SLAG GALLERY | NOVEMBER 16 – DECEMBER 26, 2018
Arthur Simms’s work at Slag Gallery comes in two parts: drawings and sculpture. Simms’s reputation rests on his sculptures, which typically include discarded objects. In this show we get six works from across a range of dates from 1992 to the present. They are all DIY affairs that appear highly improvisational, ranging in scale from the size of a smart car to the proverbial breadbox. The drawings all date from the last two years. While they share in the improvisational feel of the sculptures, they also include diaristic material from Simms’s personal life, hints that help us to better grasp the concerns that animate his sculptures. These include his Caribbean-American identity, which brings so many layers of cultural exchanges, and a stubborn willfulness to wrest meaning out of chaos by bringing the overlooked and discarded to life.
Simms accomplishes this Herculean task through a process he calls “binding,” which we see throughout his work. A Ride for the Massive, (1992) is a hulking structure of wooden slats tightly laced and knotted together with courses of rope. The slats and rope form an intricate lattice that encloses pieces of pressed tin and a green metal box with handles. Simms acknowledged in a 2009 interview in these pages that when he obsessively covers an object with rope or some other binding agent he is effectively creating a “skin,” which is to say endowing the object with life. The wheels that peek out at the bottom of Ride for the Massive give it the capacity for movement, as well as referring to the wagons and carts Simms made when he was a child in Jamaica. Like an Nkisi—one of those central African figures studded with nails—the ensemble has what Simms has termed “an aggressive ugliness” brimming with vitality.
When we move to the drawings, Simms’s binding takes on both a graphic and a metaphorical dimension. Stand Up Straight and Burn, (2018) has four 8.5 by 11 inch pages arrayed two by two glued onto a larger sheet. The upper left page is a close up of a wood-and-rope lattice sculpture featuring a buoy, again suggesting travel, this time by sea instead of land. The other three pages are taken from a syllabus for a drawing course Simms has taught. The subject matter of the three pages effectively binds them together, and to “drawing” itself, while the forms Simms has drawn in ball-point pen tie them to the bulbous shape of the buoy in the photograph. The forms consist of tightly crosshatched lines, which create a shiny skin for each shape.
These shapes appear across all the drawings, an alphabet of sorts. Just as Robert Storr referred to the objects in Simms’s sculptures as parts of speech in his 2005 essay “Arthur Simms: Part to Whole,” so the shapes in these drawings read as glyphs from some as-yet-to-be deciphered writing. The Big Squeeze, Arthur Seated, (2018) has a photograph of the artist, looking very much at rest in his pajamas, seated in a room in the lower left corner. Around the photograph are more syllabus pages, each covered with the same family of tightly nested biomorphic shapes. In the bottom right corner, another syllabus page bears at the top a large circle two to three inches in diameter made from Simms’s hair, while hanging below that is a small plastic bag with a dried cicada inside it. It is hard not to read this drawing as some kind of rebus or collection of rebuses, in the fashion of Egyptian hieroglyphs. Here, however, the symbols, ideographs, letters, or whatever take on different meanings depending on whether they are actual things, representations of actual things, or simply marks on a page.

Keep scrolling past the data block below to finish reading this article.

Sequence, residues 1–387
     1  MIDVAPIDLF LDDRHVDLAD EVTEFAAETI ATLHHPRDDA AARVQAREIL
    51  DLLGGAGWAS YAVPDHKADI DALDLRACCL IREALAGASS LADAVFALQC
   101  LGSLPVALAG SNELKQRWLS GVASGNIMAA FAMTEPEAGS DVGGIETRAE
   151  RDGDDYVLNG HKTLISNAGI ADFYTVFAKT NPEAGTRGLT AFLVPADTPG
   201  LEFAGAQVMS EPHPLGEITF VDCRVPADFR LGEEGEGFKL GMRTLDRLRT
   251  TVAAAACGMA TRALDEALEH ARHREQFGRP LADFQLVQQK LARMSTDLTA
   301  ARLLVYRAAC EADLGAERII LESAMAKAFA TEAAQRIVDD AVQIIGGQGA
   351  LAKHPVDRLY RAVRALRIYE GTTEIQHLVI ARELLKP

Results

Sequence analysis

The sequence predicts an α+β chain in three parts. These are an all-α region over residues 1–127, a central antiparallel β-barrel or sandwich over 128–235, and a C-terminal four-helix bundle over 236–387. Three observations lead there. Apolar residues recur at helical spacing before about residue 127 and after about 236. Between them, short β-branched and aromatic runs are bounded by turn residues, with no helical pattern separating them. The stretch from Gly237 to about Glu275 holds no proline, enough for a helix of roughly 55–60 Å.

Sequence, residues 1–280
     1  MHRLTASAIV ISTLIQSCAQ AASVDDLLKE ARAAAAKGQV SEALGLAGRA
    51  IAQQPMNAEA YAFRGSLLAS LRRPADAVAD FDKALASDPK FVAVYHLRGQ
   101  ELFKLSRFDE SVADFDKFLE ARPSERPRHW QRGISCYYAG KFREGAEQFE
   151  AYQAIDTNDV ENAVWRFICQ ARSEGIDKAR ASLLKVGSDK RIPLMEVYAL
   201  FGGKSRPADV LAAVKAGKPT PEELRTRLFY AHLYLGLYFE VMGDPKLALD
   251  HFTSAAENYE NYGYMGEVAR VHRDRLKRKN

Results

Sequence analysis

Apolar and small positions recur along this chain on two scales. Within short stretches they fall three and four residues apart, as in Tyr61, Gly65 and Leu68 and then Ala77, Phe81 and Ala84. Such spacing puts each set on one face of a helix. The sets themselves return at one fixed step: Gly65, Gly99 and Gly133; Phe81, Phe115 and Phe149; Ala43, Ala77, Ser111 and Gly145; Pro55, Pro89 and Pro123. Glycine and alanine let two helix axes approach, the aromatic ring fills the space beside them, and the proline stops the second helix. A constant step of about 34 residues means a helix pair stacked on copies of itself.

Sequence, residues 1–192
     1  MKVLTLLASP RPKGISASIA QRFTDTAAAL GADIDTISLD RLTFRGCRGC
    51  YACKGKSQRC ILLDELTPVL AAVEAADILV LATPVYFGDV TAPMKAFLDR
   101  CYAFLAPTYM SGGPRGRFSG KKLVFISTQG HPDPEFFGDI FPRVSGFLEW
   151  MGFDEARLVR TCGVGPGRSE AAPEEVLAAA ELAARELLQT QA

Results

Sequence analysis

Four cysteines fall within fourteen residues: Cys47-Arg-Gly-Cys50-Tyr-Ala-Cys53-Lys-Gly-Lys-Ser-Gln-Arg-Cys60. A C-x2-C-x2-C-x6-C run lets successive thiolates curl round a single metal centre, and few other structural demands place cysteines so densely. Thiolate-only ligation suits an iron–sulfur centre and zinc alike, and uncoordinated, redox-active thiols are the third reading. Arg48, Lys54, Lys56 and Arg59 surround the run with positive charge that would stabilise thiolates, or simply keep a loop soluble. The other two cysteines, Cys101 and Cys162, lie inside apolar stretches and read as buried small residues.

Following Storr, Simms’s work carries a system that, mirroring language, shuttles between concept, object, and image. However, Simms’s sculptures are not just messages, as is the case with the drawings, but entities that, Nkisi-like, have bodies that speak. As is typical of his earlier work, A Ride for the Massive, with its heft and grit, speaks prose. The Lamentation of Christ, (2018) by contrast, speaks poetry. It is a comparatively small work, made of a piece of wood, sitting in a tray, decorated with feathers and wire. In an adjacent tray, there is a rock and ball. Simms’s tropes abound here—the binding element, this time with wire, and the alchemical transformation of junk into precious objects—but we also see an unexpected restraint and elegance. In The Lamentation of Christ, (2018) biblical reference aside, we feel Simms channeling not Africa or the Caribbean, but Asia, in particular the refinement of Japanese art. Amplifying that association, several of the drawings have Arthur in Japan as part of their titles, and all feature a photograph of the artist’s long shadow.
His other recent sculptures feel equally poetic. They also look to other continents, such as Burst, (2017 – 2018) a hanging sculpture of cascading feathers, which suggests Native American or maybe Polynesian influence. Simms, due perhaps to his Caribbean origins and New York City upbringing, has a visceral feel for the points of contact where cultures rub against each other. His sculptures, as metaphorical bodies, are witnesses to that exchange. What is exciting about this show is that Simms appears to have developed a lighter touch that signals a new phase in his development.